5 Questions with Lauren Simao
Our monthly check-in with staff from around the world. Learn more about the people who work at CHAI.
Please tell us a bit about your background and what brought you to CHAI.
Before joining CHAI in 2018, I was simultaneously serving in AmeriCorps and attending graduate school. Within AmeriCorps, I served at Massachusetts General Hospital’s Center for Community Health Improvement, providing STEM education and college readiness programming to low-income youth of color. In grad school I studied development and global health, and conducted qualitative research in Kibera, Kenya for my thesis on the connection between water access, sanitation, health, and gender equity. While studying abroad in South Africa during my undergrad, I volunteered at two organizations serving children and adolescents who had been orphaned by AIDS, many of whom were living with HIV. When I came upon CHAI, specifically the HIV Access Program, it felt like a perfect fit.
1. What is the best thing about your job?
Working with community members via the Pediatric and Adolescent HIV Community Advisory Boards (CABs) has been the best part of my work at CHAI. It is incredibly grounding to work directly with the people we aim to serve. Having the opportunity to help elevate the voices of people living with HIV in our program countries is the most important and impactful thing I can do in my role. It is essential to ensure that community voices guide interventions along the entire pediatric testing, treatment, and retention cascade, so it is extremely rewarding to be a part of making sure that happens.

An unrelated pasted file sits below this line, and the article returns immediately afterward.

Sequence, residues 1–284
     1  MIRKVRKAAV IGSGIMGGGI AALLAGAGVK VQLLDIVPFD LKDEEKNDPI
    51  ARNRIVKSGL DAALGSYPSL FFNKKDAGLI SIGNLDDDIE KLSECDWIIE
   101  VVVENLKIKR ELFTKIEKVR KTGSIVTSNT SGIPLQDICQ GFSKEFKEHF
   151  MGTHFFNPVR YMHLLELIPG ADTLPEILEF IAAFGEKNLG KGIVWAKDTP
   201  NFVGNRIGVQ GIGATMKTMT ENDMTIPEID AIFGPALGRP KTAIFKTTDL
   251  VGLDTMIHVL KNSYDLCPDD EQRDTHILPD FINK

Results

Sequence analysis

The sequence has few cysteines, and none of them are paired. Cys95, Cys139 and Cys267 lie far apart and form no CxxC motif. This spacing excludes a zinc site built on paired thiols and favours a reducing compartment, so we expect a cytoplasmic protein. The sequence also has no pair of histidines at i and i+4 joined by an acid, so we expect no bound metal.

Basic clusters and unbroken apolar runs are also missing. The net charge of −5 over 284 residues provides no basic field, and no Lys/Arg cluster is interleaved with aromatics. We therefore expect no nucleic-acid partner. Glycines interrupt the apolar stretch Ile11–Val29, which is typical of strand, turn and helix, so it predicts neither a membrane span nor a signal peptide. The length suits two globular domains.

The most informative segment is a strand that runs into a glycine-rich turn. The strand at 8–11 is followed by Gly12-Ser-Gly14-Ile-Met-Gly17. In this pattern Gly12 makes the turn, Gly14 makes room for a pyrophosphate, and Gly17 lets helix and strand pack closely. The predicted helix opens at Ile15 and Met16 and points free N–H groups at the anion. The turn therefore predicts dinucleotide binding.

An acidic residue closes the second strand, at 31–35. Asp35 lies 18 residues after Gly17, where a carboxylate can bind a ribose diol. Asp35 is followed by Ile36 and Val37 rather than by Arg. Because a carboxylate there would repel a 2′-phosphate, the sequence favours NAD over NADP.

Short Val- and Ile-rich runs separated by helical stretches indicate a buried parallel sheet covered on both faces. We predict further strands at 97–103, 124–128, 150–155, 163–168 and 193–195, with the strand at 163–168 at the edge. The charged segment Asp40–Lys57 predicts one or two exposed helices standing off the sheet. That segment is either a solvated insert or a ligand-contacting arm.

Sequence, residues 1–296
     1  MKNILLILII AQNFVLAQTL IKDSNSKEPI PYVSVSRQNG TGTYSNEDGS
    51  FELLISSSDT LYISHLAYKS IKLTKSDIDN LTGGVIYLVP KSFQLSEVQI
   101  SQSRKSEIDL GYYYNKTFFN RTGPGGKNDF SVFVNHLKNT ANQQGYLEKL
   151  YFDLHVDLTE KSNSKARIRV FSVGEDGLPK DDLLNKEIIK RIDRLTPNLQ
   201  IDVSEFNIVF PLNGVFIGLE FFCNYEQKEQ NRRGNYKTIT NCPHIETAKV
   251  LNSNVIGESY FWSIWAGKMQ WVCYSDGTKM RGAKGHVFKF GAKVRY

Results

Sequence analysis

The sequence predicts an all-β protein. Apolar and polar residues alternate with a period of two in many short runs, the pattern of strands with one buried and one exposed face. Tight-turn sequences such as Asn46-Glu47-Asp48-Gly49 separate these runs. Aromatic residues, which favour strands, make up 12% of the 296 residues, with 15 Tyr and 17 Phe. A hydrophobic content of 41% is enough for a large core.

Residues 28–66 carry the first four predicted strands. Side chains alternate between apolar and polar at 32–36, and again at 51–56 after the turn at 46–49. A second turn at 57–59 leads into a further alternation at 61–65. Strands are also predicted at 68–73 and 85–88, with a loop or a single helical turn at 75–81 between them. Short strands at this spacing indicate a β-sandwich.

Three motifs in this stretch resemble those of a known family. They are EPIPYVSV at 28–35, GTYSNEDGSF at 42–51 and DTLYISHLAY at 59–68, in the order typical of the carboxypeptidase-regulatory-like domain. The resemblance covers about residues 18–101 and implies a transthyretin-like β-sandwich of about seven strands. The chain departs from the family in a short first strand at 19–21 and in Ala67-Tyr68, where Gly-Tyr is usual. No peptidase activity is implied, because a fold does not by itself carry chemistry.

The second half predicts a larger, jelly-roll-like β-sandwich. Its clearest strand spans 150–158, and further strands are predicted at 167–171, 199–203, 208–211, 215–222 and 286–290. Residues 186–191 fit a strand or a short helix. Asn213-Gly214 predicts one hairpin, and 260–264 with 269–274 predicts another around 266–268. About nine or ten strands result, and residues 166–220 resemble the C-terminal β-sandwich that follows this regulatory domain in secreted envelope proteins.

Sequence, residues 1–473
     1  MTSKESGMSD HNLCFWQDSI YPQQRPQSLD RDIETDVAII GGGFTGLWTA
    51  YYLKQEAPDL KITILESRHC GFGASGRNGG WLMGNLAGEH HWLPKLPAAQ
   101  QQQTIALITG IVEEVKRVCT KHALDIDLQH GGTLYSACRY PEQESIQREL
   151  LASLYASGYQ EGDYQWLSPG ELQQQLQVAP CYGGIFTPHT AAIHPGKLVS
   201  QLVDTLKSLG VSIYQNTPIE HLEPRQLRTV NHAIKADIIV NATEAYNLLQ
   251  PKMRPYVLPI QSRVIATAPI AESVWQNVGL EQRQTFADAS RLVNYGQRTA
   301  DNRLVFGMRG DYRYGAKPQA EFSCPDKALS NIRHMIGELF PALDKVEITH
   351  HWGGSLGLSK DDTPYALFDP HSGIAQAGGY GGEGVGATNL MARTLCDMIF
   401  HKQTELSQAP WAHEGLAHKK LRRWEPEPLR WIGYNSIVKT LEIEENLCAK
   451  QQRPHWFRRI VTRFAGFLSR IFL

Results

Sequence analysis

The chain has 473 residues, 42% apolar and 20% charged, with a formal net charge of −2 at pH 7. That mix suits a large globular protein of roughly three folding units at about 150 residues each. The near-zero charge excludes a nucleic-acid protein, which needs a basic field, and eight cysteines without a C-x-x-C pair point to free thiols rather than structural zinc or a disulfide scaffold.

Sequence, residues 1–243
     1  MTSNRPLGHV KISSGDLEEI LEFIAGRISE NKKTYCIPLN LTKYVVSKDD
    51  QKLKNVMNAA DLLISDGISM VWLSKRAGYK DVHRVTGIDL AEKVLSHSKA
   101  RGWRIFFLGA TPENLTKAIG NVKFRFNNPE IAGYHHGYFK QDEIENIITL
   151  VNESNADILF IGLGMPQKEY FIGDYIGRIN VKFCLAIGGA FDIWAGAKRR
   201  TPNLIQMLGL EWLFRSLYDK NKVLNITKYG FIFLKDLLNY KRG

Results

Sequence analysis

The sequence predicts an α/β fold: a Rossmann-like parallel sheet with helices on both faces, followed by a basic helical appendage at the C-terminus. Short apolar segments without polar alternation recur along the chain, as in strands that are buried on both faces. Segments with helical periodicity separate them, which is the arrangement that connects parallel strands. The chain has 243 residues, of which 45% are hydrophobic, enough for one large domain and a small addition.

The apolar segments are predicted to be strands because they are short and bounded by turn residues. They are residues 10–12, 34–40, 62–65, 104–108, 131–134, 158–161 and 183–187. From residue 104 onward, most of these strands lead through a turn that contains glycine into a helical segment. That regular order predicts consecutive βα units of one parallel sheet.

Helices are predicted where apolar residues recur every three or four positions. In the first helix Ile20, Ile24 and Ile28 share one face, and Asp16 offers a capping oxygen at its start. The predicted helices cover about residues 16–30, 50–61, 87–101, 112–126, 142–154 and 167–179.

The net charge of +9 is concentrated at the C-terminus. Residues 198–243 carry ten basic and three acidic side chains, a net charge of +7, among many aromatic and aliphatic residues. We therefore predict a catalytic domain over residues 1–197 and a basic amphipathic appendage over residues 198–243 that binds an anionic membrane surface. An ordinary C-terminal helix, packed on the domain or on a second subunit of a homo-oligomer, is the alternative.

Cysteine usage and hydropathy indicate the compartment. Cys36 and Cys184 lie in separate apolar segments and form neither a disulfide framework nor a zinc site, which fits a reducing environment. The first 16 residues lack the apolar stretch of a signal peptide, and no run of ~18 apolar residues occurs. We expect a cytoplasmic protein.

2. What is the most challenging part of your job?
Honestly, balancing CHAI’s commitment to urgency and saving lives while also avoiding burnout is the most challenging part of the job. I love working alongside so many passionate, determined people, but we tend to forget that we must also take care of ourselves, if we are to sustain our ability to do the work.
3. What is your favorite quote and why?
“If you have come to help me, you are wasting your time. But if you have come because your liberation is bound up with mine, then let us work together.” – Lilla Watson, Aboriginal elder, activist and educator from Queensland, Australia.
Efforts for equity must be rooted in the understanding that we are working toward our collective liberation. It is not about helping the less fortunate – it is about recognizing every person’s humanity and right to a just and equitable world. Those of us with any degree of privilege must use it to correct the unjust, oppressive systems that have been constructed to marginalize the many, for the benefit of the few. This message drives my own core values and is why I do the work I do.
4. What is the most adventurous thing you have ever done?
Probably either bungee jumping in South Africa at Bloukrans Bridge during my undergrad studies there, or gorilla trekking in Rwanda after a CHAI meeting. Trekking through Volcanoes National Park in search of some of the last remaining wild gorillas in the world was also a great way to bond with one of my CHAI colleagues. 🙂
5. If you could only eat one meal for the rest of your life, what would it be?
My vavo’s (grandmother’s) Portuguese kale soup. It is my ultimate comfort food!